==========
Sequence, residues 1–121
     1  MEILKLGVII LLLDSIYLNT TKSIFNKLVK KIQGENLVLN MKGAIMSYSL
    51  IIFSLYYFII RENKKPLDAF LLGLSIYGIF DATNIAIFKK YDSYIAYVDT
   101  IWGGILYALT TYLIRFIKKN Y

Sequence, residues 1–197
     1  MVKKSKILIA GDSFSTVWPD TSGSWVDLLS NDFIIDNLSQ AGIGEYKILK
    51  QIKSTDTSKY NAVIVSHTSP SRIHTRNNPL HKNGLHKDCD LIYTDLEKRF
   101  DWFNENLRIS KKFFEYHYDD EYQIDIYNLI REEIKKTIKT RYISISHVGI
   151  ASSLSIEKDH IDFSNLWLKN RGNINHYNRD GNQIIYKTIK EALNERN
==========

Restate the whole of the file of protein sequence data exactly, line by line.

Sequence, residues 1–121
     1  MEILKLGVII LLLDSIYLNT TKSIFNKLVK KIQGENLVLN MKGAIMSYSL
    51  IIFSLYYFII RENKKPLDAF LLGLSIYGIF DATNIAIFKK YDSYIAYVDT
   101  IWGGILYALT TYLIRFIKKN Y

Sequence, residues 1–197
     1  MVKKSKILIA GDSFSTVWPD TSGSWVDLLS NDFIIDNLSQ AGIGEYKILK
    51  QIKSTDTSKY NAVIVSHTSP SRIHTRNNPL HKNGLHKDCD LIYTDLEKRF
   101  DWFNENLRIS KKFFEYHYDD EYQIDIYNLI REEIKKTIKT RYISISHVGI
   151  ASSLSIEKDH IDFSNLWLKN RGNINHYNRD GNQIIYKTIK EALNERN